This type of designers collects a couple of projects simultaneously. They forget to set priorities and often have many ongoing work-related, freelance, and personal projects at the same time. These designers have no balance and need to work on their time management. You may want to avoid this type of designers because they tend to not deliver their projects on time. The quality of their product is also affected because their attention and creativity is not focused one task at a time. The output or result is usually substandard and will only be a waste of money, time, and effort.
6. The Copycat
A designer of this type tend to surf the net for design inspiration or pegs, but he/she just end up copying (sometimes stealing ) designs that they’ve browsed through. A good long look through their portfolios will reveal familiar design styles or even works that you may have seen somewhere else before. You certainly want to avoid them because they are simply cheaters and unfortunately unoriginal. These designers should learn to do their own research, and use trends without duplicating existing works to prevent a bad reputation.
7. The Pretentious
Designers of this type are show-offs. They love bragging about skills they don’t actually have. These designers pretend that a design project can be easily done and that they can deliver it in no time. Simply put, the pretentious designer “talk the talk” and “dress the part”, but can’t produce high standard design work. People often avoid this type of designers because they are basically fakers, and they’re just killing their careers by pretending to be good.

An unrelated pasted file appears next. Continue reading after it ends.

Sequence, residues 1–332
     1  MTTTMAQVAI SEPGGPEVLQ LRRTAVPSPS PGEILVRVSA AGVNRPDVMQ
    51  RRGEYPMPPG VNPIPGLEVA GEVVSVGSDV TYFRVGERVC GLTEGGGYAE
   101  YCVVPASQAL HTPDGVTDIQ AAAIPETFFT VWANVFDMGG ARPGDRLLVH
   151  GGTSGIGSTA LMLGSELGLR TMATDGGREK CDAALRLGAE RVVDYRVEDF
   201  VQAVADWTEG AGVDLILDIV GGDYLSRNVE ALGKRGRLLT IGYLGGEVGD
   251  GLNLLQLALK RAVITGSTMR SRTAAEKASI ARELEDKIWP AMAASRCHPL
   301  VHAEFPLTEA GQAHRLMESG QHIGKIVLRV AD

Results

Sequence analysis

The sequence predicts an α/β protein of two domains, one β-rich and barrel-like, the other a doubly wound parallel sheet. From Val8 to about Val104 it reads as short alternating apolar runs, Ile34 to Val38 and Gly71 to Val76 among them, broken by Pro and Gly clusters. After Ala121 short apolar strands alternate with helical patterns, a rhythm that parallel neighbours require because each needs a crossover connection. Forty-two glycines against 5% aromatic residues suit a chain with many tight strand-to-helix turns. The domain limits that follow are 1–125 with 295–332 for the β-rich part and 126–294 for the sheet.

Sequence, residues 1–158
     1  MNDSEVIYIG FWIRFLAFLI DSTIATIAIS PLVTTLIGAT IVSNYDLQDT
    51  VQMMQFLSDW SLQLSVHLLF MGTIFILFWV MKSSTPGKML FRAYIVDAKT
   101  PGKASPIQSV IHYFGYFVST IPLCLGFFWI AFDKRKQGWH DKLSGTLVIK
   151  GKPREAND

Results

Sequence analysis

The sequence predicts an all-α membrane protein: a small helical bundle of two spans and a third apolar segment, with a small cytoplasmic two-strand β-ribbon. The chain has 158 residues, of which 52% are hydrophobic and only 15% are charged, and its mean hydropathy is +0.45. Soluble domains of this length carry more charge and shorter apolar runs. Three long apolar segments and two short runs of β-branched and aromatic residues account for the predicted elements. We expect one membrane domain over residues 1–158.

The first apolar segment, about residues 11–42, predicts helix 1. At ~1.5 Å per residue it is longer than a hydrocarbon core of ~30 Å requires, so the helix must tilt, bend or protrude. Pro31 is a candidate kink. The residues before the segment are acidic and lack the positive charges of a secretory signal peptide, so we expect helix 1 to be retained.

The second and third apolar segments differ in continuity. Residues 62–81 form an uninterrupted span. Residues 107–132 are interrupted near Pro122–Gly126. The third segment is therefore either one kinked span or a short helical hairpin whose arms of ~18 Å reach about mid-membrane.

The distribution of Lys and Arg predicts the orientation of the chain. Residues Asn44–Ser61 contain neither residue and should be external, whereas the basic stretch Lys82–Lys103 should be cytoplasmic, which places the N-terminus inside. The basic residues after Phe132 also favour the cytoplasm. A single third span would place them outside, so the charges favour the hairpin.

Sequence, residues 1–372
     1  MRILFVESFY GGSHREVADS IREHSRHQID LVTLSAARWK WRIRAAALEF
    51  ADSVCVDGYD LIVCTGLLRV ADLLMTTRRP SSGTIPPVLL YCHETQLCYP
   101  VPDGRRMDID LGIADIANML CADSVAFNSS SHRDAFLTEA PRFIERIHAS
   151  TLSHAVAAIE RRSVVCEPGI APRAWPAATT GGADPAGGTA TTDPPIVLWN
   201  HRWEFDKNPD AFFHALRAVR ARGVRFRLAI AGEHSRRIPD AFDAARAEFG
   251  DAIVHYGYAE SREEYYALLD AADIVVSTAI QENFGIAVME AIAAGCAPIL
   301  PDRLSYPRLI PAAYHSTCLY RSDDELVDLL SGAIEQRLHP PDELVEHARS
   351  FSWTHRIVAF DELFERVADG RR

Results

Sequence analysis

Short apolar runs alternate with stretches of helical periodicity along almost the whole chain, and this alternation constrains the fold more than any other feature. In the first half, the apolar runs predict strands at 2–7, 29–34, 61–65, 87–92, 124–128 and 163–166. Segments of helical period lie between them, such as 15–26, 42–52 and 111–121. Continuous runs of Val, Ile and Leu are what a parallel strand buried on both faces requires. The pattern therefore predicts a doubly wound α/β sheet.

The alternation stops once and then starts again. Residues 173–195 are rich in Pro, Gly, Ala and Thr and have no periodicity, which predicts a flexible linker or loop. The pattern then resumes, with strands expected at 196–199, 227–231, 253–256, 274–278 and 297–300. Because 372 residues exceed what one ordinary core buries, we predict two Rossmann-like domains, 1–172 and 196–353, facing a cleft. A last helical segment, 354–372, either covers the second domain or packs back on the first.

8. The Slug
These designers are the “lazy” type. They tend to get very sluggish and this is the main cause of why their projects are often delayed. The “slug” is the opposite of the “flash” designer who breeze through design projects without missing deadlines or even finishing ahead of time. Being a slug is not bad as long as you produce good work instead of sacrificing quality to speed. Clients avoid this type of designers because as we’ve mentioned, they mostly don’t meet deadlines and will only waste time and money due to their constant procrastination.
9. The Soloist
Designers of this type are not good in project collaboration. Although working on a collaborative project, they think that their designs are absolutely better than the rest at all times. These designers don’t listen to feedback and instead of attracting clients, they further drive them away. “Their ways are a tad superior to everyone else’s and they will talk until everyone sees it that way as well.” - xheight.co.uk
10. The Flash
A designer of this type is a fast worker. They deliver projects quickly, often ahead of deadlines, and present to clients on time. Being a “flash” designer lets you accomplish several or more tasks than that of a “slug”. Although having the ability to work fast is a plus, clients often avoid them because they can sometimes produce substandard output. “Haste makes waste.”
Each of these types has their own positive and negative traits. The question is who will deliver the best and who would you avoid? If you’re a designer and you found yourself fitting into one of these types, take a good look on your working styles and try to become the designer that clients want to hire.
We’re pretty sure we’ve forgotten other “Types of Designers You Want to Avoid”, so feel free to share your thoughts through the comments box below!